Ocelot is a wild cat that is endemic to Mexico, Central and South America, and the United States’ southwestern region. This cat is also native to the Caribbean islands of Margarita and Trinidad.
The ocelot is known for the spots and streaks on its coating, white undersides and neck, and round ears.
It has two subspecies which include the Leopards pardalis and Leopards mitis. This cat is usually active once the sun sets, and they are very territorial.
Just like other wild cats, they are very athletic. These solitary animals are very skilled climbers, swimmers, and leapers.
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|Scientific name||Leopards pardalis|
The ocelot is of medium build with a head and body measuring within a range of 55 to 100 centimeters. Its tail is about 30-45cm long, with shoulder-length is between 40 to 50 centimeters.
The males are usually heavier than females and can have a weight range of 7-15.5 kilograms, while the female weighs between 7-12 kilograms. Its foot measures roughly 2cm in both length and breadth.
The fur of the ocelot is widely marked with black spots and streaks. This marking could be on a tawny, creamy, yellowish, or reddish-grey background.
It has small spots on the limbs and the head. Some dark stripes run from the back of the neck to the tip of the tail. The inner part of its legs is marked with horizontal streaks.
There is a bright white spot on its ears. It is furred, and the body has an obvious pungent smell. Each cat has a particular colour pattern that can be used for individual identification.
The cat can easily get mixed up with other cats such as the Margay and the Oncilla. Though, the ocelot is bigger, has a shorter tail, and weighs more than these cats.
The ocelot also has different facial markings from the other two, as well as the tail appearance. The ocelot can be likened to a bobcat.
It has brown eyes that can give off a golden hue when illuminated. Its dentition is made up of 28-30 teeth. It has a bite force quotient of 113.8 at its canine tip.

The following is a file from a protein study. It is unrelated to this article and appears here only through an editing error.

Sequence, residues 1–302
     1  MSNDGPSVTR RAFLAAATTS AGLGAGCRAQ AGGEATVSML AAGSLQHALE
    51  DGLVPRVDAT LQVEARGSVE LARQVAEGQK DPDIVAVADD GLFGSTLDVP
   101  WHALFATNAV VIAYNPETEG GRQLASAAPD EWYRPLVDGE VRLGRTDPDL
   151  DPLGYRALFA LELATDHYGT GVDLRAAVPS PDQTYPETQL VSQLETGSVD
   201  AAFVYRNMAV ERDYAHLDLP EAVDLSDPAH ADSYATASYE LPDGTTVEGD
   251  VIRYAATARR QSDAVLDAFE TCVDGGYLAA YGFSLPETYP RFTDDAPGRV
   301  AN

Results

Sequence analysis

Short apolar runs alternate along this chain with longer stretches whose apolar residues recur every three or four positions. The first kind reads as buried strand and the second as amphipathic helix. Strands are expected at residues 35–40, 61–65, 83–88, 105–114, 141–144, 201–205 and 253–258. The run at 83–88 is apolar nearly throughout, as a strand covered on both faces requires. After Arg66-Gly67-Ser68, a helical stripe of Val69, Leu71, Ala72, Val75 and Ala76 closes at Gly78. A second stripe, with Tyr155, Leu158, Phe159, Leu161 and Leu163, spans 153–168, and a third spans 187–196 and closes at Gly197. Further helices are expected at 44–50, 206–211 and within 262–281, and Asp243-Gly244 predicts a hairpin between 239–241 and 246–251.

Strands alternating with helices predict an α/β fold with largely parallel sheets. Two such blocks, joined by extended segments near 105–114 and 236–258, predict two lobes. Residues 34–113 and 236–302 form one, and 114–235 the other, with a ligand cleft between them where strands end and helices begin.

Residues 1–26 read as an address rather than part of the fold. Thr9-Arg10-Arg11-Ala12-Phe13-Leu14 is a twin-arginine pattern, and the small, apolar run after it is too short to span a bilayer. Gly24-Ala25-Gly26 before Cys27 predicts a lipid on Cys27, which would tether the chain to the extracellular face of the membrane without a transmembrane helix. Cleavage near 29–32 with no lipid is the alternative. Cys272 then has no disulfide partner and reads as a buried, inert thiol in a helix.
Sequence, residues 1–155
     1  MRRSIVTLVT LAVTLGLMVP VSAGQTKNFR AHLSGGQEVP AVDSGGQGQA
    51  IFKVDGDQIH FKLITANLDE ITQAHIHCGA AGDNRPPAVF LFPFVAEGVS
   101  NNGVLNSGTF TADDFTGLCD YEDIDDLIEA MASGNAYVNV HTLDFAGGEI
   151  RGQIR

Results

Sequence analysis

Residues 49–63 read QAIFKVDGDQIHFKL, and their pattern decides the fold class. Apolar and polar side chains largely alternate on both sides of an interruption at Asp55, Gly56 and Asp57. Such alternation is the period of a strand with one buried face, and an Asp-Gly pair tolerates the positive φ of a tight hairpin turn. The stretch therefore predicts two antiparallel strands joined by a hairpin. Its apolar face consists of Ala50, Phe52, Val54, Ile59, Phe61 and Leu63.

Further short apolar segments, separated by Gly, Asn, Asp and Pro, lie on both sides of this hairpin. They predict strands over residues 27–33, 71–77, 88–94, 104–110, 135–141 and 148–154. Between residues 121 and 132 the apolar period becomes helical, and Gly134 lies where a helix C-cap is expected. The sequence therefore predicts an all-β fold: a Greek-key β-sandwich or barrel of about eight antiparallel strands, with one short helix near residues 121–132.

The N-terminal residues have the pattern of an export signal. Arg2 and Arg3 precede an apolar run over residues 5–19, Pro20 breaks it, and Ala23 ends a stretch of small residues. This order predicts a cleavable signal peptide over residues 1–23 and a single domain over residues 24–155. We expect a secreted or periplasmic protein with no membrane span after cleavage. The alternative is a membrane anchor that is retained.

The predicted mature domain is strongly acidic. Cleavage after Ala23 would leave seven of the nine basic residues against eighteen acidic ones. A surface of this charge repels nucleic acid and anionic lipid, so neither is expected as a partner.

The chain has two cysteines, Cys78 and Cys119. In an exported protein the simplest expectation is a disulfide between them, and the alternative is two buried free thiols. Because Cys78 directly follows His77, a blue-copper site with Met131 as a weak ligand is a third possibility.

Ocelots program their active hours to avoid larger predators when they are in the same environment as them. Predators such as cougars and even humans. The ocelots seek dense places in order to prevent competitors, plus they can adapt well.
Their territories are mostly shared with other animals such as the margay, oncilla, cougar, and jaguar.
Ocelot’s choice habitats include thorn forests, tropical forests, mangrove swamps, and savannas. They prefer habitats with an abundance of water and prey. They also tend to stay away from other predators.
They have a preference for locations that are far from human settlement and areas with dense forest covers. They avoid steep slopes and highly elevated areas due to scarcity of prey.
Ocelots use scent trails to follow and catch their prey. They can move very slowly at a speed of 0.3 kilometers per hour in search of prey. In other cases, the ocelots can stay put waiting for several minutes in a certain spot.
These cats have a hunting preference for locations with dense vegetation covers. They stay away from open areas because they bank on their stealth to be undetected by prey.
The ocelot is a carnivorous animal, and it feeds on small terrestrial mammals. Their preys include rodents, armadillos, insects, reptiles, small birds, fish, and opossums. It feeds on the game it has killed instantly, but it will pluck its feathers first if the prey is a bird.
It usually preys on smaller animals that weigh below a kilogram but on rare occasions, preys on large animals. Herbivores such as the sheep, peccaries, and deer are the large animals the ocelots feeds on.
To satiate its daily energy requirement, the ocelot requires about 600-800 grams of food.
During the breeding season, male and female ocelots produce a “yowl” sound that can cover a great distance. They also meow, which covers a short distance.
They are not limited to a particular time of the year for mating. They can mate at any time of the year. However, their peak mating periods are between autumn and winter.
The heat period can last up to five days for the female ocelot, and it is recurring every 25 days for a non-pregnant female.
As for the males, they are most potent during the summer. Their gestation period usually lasts up to three months, after which a litter of 1-3 kittens is born.
The female ocelots typically deliver the kittens in dens. They prefer such dens to be in dense vegetation. The kitten weighs within a range of 200-340 grams at birth.
The kitten is born with markings on its body against a grey background. This grey background eventually becomes golden as they age further.
The mother keeps her kittens in the den for a maximum period of 64 days. Then she divides them into two or three dens. The eyes of the kittens do not open till at least 15 days after birth.
Once they are three months of age, they begin to leave the den. They become independent when they reach two years, and they leave their parents’ den to establish their range.
The Ocelots’ population faces threats such as fragmentation, habitat loss, ocelot skin hunting, and traffic accidents.
They are also threatened by logging in the forests as well as poaching of prey species. Another threat is the international pet trade.
However, the ocelot is listed as “Least Concern” on the IUCN Red list due to its broad distribution in the Americas. 7 years ago, its population was estimated at around 40,000 adult ocelots.
There are stable ocelot populations in some areas of the Amazon basin.